Take Only Pictures - Leave Only Footprints

Connor Adams

Nez Perce-Clearwater Powell Lead Wilderness Steward

Final Season Hitch - Weir Creek and Jerry Johnson Hot Springs

It has been a long time since I first learned the rudiments of the outdoor ethic that is commonly referred to as Leave No Trace. As a kid exploring the woods of coastal Maine and the mountains of the Adirondacks, I remember frequently hearing the phrase, from my parents, from other hikers, and from society at large, “take only pictures, leave only footprints”.  That became the basis of my own personal code of behavior once I grew up and started venturing further and further into our public lands. That motto is a good start for a responsible way to recreate in the outdoors, but the folks at the Leave No Trace Center for Outdoor Ethics will tell you that it’s only the beginning.

For my final hitch with SBFC this season, I was gratified to take part in one of the Leave No Trace Hot Spots. Every year, the science and advocacy non-profit sponsors a team of traveling trainers to visit 20 “hot spots” across the country. These hot spots are places in our network of public lands that have seen a lot of visitation and a lot of human impacts, and which can greatly benefit from hands-on education, collaboration, and brainstorming. The LNT center works with partner groups, land managers, and volunteers to assess the human impacts to each hot spot, educate the public about LNT, brainstorm creative solutions for the increased impacts that these areas are sure to see, and lead a day of service at the sites themselves.

Of the hundreds of hot spots nominated for 2019, our own Route 12 corridor was chosen, specifically the very popular hot springs at Jerry Johnson, Weir Creek, and Stanley. The week began by hashing out the problems with the areas at Powell Ranger Station. The Leave no Trace Trainers Erin and Brice facilitated a meeting and brainstorming session with staff from Forest Service Recreation management, Forest Service Wilderness Rangers, a Watershed Restoration Ecologist who works for the Nez Perce Tribe, and representatives from SBFC. The following day, the conference room population tripled as folks from Forest Service and SBFC Trail Crews and Recreation Specialists joined in for an engaging and informative session of Leave No Trace programming. I’ve been in the world of conservation and natural resources for five years now, and I like to think I have a pretty good handle on LNT, but I learned quite a lot from this session. All the data and science that the Center uses to back up their recommendations I found particularly illuminating, and I know it will be a lot easier to educate the public with that science under my belt.

Over the weekend, we were lucky enough to be joined by students and staff from the University of Idaho in Moscow and Washington State University in Pullman, representing their Outdoor Programs. The students, Forest Service staff, and I participated in another round of programming detailing the seven principles of Leave No Trace (1. Plan Ahead and Prepare, 2. Travel and Camp on Durable Surfaces, 3. Dispose of Waste Properly, 4. Leave What You Find, 5. Minimize Campfire Impacts, 6. Respect Wildlife, and 7. Be Considerate of Other Visitors.) I was surprised to see that many of the students had never heard the phrase “leave no trace” before, but glad to see how engaged and eager they were to learn about it. It’s one thing to round out the education of a group of conservation workers who are already familiar with Leave No Trace, but another thing entirely to guide the next generation through responsible use of our public lands.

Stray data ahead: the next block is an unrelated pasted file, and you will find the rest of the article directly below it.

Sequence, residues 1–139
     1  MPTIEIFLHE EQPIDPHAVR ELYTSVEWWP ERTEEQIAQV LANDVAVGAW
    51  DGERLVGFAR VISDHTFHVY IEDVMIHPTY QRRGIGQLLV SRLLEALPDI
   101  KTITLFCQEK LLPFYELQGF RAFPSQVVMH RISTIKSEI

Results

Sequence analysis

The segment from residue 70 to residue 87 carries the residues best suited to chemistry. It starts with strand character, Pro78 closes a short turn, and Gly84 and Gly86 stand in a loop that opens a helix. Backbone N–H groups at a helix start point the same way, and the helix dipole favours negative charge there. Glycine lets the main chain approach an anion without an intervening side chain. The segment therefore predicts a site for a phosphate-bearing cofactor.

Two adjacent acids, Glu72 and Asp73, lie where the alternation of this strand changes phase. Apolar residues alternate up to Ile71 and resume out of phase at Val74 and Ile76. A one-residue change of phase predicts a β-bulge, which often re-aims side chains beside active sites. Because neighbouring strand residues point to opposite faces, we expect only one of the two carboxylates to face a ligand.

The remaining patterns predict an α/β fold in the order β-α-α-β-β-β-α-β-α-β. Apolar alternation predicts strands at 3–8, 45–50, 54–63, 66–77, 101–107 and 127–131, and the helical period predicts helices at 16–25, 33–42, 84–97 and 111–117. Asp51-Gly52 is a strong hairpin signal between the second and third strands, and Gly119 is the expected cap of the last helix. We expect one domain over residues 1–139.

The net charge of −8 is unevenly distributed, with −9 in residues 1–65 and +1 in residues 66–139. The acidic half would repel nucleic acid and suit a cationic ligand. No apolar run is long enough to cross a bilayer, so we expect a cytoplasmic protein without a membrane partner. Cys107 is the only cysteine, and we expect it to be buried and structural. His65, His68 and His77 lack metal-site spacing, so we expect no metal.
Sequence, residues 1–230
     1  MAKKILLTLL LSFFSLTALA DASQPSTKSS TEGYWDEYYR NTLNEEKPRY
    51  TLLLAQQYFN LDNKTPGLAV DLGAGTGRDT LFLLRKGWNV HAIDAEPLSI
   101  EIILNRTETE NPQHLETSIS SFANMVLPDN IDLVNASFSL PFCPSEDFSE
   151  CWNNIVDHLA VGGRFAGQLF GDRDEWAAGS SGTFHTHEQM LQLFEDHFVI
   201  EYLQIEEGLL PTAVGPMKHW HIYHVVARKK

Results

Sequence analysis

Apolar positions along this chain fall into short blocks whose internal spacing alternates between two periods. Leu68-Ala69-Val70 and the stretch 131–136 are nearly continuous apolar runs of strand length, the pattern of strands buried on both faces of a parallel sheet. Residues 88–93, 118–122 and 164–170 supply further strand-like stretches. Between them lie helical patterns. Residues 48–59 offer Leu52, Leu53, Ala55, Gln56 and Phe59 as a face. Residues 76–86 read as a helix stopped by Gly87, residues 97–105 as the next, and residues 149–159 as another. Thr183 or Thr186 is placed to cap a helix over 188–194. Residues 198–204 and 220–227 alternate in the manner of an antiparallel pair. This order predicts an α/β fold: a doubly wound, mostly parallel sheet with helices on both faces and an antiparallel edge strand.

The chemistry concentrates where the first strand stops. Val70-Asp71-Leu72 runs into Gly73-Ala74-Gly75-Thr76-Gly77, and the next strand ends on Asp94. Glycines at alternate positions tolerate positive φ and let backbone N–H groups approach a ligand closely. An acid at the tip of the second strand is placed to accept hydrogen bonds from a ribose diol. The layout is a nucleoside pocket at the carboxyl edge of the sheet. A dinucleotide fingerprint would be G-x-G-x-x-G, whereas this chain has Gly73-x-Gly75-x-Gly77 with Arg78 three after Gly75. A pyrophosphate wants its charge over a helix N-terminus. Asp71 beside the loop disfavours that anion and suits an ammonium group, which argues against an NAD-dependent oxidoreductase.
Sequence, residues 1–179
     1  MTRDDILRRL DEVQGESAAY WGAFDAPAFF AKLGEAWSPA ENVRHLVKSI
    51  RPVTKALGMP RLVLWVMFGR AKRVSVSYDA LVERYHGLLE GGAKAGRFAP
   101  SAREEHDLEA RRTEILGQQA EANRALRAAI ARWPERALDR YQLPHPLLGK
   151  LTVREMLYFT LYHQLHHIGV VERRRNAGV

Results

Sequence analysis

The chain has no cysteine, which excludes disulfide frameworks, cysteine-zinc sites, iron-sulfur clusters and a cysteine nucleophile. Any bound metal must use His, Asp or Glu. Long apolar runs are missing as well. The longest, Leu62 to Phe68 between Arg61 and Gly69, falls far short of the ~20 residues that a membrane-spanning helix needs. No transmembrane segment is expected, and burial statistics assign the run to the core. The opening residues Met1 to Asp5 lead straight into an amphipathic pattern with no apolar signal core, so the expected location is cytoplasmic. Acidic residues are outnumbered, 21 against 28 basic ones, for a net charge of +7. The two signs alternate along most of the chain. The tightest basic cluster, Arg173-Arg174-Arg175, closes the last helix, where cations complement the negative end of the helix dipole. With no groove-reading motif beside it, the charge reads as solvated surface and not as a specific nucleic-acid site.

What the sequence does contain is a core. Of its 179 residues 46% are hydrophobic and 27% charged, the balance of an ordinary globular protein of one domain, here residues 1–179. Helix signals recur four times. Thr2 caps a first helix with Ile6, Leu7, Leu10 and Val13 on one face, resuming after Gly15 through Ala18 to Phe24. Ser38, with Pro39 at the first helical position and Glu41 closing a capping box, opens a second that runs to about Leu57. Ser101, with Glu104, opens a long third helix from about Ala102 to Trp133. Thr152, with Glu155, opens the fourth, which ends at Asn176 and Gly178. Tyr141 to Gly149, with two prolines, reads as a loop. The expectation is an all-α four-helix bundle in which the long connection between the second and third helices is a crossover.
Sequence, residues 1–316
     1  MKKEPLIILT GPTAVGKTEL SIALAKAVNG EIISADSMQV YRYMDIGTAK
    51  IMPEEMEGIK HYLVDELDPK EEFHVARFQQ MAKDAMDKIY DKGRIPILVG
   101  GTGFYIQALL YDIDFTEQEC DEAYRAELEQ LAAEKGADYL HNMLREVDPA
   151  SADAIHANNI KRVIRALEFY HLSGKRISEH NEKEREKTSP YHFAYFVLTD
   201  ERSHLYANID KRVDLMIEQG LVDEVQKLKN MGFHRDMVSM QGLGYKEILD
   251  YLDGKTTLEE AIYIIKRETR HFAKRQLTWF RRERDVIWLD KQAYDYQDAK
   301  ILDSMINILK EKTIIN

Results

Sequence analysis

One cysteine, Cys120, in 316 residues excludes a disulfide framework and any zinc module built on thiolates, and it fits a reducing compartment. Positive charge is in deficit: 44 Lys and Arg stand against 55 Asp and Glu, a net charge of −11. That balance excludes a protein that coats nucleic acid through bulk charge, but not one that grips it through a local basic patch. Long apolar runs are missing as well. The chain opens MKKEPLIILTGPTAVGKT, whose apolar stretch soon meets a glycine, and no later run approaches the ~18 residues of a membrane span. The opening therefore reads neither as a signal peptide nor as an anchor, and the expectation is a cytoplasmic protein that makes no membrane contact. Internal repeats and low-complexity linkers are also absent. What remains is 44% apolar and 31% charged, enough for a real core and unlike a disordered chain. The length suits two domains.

On Saturday, the Forest Service staff and the folks from the University of Idaho began the six mile hike into Stanley Hot Springs, where they would be working to alleviate the human impacts there, and I joined Erin, Brice, Courtney and Krissy from SBFC, and the students from the University of Washington to work at Weir Creek and Jerry Johnson Hot Springs. At these sites, we improved the trail so erosion would be lessened and sensitive vegetation saved, we decommissioned a number of social trails and campsites by naturalizing them and dismantling fire rings, buried a lot of human waste, and picked up dozens of pounds of trash. Most importantly, our staff and volunteers were on hand to talk to the public about these areas and about Leave No Trace on a very busy Saturday. I’m confident that many folks went home with a good deal more knowledge about responsible use of their public lands.

Everything I learned, taught, and participated in this week is a long way from “take only pictures, leave only footprints.” Everyone’s outdoor ethic is constantly evolving, as it should be, to keep up with new science and data, and new challenges that our public lands face from their 1.8 billion visits every year. I’m glad to be armed with even more knowledge about how to behave in the backcountry, and even more glad to have a new toolbox of skills and programming to pass this knowledge on to others.